If you’re getting ready to bring home a new baby, you’ve probably got a lot on your plate—especially when it comes to your finances. A top concern for many new parents is figuring out how to pay for parental leave. Only 23% of folks working in the private sector have access to paid maternity leave, according to research from career site Zippia. In fact, the United States is only one of seven countries worldwide that doesn’t provide guaranteed paid parental leave of some kind.
Families ought to have time after the baby is born for the mother to heal from childbirth, and for both parents to bond with their new baby. Six weeks is the typical recovery period after giving birth; eight weeks if you’ve had a cesarean section, according to the American Pregnancy Association. But Zippia found that one-third of new mothers take little to no time off after giving birth or adopting a new child.
Read on for some practical ways to financially prepare for parental leave.
Understand your options.
What are your employee benefits?
Before you start making financial plans, check in with your employer to see what your options are. Do you qualify for any paid time off? The Zippia research found that the average amount of paid maternity leave provided by companies is eight weeks. However, every company is different, and there is no requirement under federal law that companies offer any amount of paid leave.
You might also be able to make up lost income using short-term disability insurance. Typically offered by employers, this type of coverage can replace a portion of your pay if you’re unable to work due to a short-term illness. Insurance policies may cover normal pregnancy and childbirth. Long-term disability insurance, which provides benefit payments for a longer time, could come in handy as well—especially for those who have a complicated pregnancy or delivery.
Will you leverage FMLA?
Beyond what your employer offers, the Family and Medical Leave Act (FMLA) allows eligible employees to take up to 12 weeks off for the birth and care of a newborn child. While this leave is unpaid, it does protect the employee’s job and requires that their health benefits remain the same during their leave. FMLA isn’t automatically available to all workers, though. Both the employer and employee must meet certain requirements, including that the employee must have worked for their employer for at least 12 months.
Does your state offer paid parental leave?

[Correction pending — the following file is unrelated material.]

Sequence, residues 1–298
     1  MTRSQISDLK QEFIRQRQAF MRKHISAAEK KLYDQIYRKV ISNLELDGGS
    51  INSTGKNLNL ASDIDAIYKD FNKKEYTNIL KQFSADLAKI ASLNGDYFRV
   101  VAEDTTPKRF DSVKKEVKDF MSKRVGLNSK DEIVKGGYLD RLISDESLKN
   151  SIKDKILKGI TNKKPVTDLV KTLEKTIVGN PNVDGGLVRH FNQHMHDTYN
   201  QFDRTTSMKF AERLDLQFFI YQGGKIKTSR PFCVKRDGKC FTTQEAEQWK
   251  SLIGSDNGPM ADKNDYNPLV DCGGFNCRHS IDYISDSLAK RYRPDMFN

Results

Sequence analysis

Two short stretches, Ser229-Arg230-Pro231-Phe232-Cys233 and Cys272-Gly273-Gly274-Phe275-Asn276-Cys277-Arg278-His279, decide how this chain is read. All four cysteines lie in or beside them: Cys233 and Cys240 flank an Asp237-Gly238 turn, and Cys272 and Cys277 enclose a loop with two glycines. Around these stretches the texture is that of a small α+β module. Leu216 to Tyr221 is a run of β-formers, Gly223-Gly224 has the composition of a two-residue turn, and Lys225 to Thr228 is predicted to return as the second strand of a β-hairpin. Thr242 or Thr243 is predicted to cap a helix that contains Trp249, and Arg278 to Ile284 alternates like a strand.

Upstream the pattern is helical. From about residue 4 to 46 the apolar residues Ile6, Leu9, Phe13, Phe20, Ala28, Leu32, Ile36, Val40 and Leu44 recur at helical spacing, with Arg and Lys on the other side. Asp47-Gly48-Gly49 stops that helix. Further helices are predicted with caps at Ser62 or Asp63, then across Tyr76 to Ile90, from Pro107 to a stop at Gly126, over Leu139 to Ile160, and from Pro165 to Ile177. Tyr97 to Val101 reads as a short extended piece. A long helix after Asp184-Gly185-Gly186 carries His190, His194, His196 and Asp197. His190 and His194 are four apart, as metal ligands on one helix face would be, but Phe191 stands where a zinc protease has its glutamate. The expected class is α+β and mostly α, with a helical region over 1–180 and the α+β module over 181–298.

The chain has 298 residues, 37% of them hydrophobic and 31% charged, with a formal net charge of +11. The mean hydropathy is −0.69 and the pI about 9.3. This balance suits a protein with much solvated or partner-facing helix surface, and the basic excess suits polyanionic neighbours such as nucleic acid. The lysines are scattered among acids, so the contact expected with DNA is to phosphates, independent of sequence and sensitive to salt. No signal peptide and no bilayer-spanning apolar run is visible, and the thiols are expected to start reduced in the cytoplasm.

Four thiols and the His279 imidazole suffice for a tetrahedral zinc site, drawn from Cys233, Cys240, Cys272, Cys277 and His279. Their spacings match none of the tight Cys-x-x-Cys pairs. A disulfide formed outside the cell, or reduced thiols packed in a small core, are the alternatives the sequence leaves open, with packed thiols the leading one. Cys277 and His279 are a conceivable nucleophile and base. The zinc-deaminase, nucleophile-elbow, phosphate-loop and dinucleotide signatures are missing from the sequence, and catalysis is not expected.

According to the National Conference of State Legislatures, the following 11 states (and the District of Columbia) offer paid family and medical leave. These state programs are funded with employee-paid payroll taxes. Some are also funded in part using employer-paid payroll taxes.
- New Jersey
- New York
- Rhode Island
If paid leave is available in your state, do some research to see what’s available. California, for example, offers benefit payments equal to between 60% and 70% of the employee’s weekly wages that were earned five to eighteen months prior to their claim start date. Payments can last up to eight weeks. It’s worth noting, however, that these benefits do not protect the employee’s job. In some cases, workers may leverage state paid parental leave in combination with FMLA or other state laws to protect their employment.
Start planning for your parental leave.
Once you understand your benefits, you can estimate how much unpaid time off you may need to take. The goal is for you and any other wage earners in your immediate household to set aside enough money to replace some or all of your lost income. Consider the following tips:
- Save up your paid sick days and vacation days to use for parental leave. You can also see if your company will allow other employees to donate their days to you.
- Begin transferring some portion of every paycheck into your savings account to build your parental leave fund.
- Direct all work bonuses, overtime pay, raises, and tax refunds into your savings account.
- Pick up a temporary side gig and devote the earnings fully to your parental leave fund.
- Request cash gifts in lieu of traditional pregnancy presents.
- Reduce your expenses to free up more money for your parental leave. Begin by tracking your budget and eliminating unnecessary bills and excessive spending.
- If you’re worried that you won’t be able to cover your essential expenses during your leave, you might consider a personal loan (although beware, many personal loans may be accompanied by high interest rates). If approved, you’ll receive funding in a lump sum that you can use to cover some or all of your parental leave.
Everyone’s financial situation is different, which means that no two parental leaves will look the same. Your employer benefits will likely play a big role in how you plan your leave, but there may be other resources out there for you as well.
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